EV's are all just hype right now, and we're no where near ready for them with quick charge points few and far between, and many people with parking that won't support easy charging. The loonies are already try to ban parking on pavements, can you imagine them exploding at the thought of tripping every 5 metres on peoples charging cables from the house to car. The irony here being that it's cities where EV's make most sense and it's also where the infrastructure is the hardest to install and where the electricity supplies are already stretched. 

And it's still far from clear that the overall carbon and waste footprint and of an EV or PHEV is actually less than their antiquated ICE counterparts given the highly toxic materials in batteries, and the increased demand for powerstations to provide electricity. 

They item is to reduce CO2 emmisions, and we should use the best technology available and not just force the current fad on everyone without thinking it through. 

26 November 2018

Well apart from mentioning the relative downturn in traditional saloon cars (is that a hint?) the report makes no mention whatsoever about JLR's British arm.

I still maintain that JLR's Indian owners will act on their desire to close down British factories - something they've been on record as saying as long ago as 2009. Indeed if we look at an Autocar article from 24th Sept 2009...  ( way before Brexit was part of the vocabulary for all those who'll no doubt blame the leave campaign )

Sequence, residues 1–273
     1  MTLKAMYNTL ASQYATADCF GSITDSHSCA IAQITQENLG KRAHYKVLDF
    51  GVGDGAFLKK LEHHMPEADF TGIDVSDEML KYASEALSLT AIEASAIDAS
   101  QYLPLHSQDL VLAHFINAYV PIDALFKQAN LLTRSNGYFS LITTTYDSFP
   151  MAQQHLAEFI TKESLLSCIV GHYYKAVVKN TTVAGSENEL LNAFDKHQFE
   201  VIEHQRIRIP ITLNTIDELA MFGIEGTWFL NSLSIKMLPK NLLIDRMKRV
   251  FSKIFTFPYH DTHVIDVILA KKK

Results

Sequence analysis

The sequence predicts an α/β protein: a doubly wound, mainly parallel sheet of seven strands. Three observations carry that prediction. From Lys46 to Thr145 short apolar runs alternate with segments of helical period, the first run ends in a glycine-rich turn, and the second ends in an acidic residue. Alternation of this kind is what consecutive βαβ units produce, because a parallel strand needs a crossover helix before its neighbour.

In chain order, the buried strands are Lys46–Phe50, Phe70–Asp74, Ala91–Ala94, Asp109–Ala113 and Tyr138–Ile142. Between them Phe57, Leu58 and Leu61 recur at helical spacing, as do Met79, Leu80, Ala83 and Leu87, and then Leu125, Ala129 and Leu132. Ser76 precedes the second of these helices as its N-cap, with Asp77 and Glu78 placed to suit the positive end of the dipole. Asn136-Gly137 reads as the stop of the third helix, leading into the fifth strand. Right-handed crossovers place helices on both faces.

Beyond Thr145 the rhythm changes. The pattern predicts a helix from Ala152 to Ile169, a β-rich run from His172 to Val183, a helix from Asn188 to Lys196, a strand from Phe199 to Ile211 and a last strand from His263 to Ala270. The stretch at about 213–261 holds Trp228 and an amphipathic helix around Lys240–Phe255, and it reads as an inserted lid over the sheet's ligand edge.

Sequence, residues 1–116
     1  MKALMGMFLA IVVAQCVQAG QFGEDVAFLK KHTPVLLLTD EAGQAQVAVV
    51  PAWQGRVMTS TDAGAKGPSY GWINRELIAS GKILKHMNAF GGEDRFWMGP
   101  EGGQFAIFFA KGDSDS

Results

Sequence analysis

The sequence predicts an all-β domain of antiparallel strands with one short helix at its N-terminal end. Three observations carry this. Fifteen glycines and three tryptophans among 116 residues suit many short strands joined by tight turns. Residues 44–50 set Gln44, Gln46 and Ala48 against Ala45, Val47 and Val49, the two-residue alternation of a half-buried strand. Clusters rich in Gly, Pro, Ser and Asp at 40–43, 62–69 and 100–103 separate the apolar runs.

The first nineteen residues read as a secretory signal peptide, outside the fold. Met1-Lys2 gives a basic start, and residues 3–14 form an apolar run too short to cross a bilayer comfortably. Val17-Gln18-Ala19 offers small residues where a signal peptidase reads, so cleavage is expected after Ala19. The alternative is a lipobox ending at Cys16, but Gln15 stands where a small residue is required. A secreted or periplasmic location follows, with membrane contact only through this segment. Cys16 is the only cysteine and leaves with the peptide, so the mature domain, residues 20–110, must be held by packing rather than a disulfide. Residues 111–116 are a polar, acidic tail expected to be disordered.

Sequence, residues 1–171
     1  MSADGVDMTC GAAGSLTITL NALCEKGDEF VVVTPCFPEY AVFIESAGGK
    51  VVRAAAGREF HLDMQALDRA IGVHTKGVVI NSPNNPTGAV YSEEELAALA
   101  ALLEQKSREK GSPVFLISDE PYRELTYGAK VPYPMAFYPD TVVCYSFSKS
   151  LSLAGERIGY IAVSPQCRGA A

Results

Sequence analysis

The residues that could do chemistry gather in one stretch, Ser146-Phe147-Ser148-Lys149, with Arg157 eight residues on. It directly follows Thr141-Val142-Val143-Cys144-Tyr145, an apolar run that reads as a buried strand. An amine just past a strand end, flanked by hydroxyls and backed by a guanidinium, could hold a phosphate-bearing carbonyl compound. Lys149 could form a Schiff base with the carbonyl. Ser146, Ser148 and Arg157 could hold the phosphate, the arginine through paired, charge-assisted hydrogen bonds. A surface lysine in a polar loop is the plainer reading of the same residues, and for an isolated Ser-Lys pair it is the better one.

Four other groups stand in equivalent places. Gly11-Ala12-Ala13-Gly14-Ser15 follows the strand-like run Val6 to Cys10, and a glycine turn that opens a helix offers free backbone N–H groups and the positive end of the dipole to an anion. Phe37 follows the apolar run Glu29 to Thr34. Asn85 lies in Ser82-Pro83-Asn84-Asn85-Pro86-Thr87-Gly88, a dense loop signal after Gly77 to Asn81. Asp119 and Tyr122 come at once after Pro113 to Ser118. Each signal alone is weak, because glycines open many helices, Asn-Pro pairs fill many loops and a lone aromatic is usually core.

https://www.autocar.co.uk/car-news/motoring/jlr-close-one-midlands-plant

27 November 2018
scotty5 wrote:

Well apart from mentioning the relative downturn in traditional saloon cars (is that a hint?) the report makes no mention whatsoever about JLR's British arm.

I still maintain that JLR's Indian owners will act on their desire to close down British factories - something they've been on record as saying as long ago as 2009. Indeed if we look at an Autocar article from 24th Sept 2009...  ( way before Brexit was part of the vocabulary for all those who'll no doubt blame the leave campaign )

https://www.autocar.co.uk/car-news/motoring/jlr-close-one-midlands-plant

 

your scraping the barrel with an article written at the height of the last economic meltdown, written almost a decade ago. JLR asked the government just before the referendum for assurances around infrastructure in the Coventry area as they admitted they were considering building an electric car plant there. Since the referendum discussions went silent. Brexiteers will blame diesel or China for this but investment in electric car production in the U.K. has to happen if JLR intend to make cars here in the future. Clearly they are delaying because of Brexit. Brexiteers harp on the black is blue and blue is black but it’s time they just admitted their plan so will damage some sectors of the economy.

27 November 2018
TStag wrote:

scotty5 wrote:

Well apart from mentioning the relative downturn in traditional saloon cars (is that a hint?) the report makes no mention whatsoever about JLR's British arm.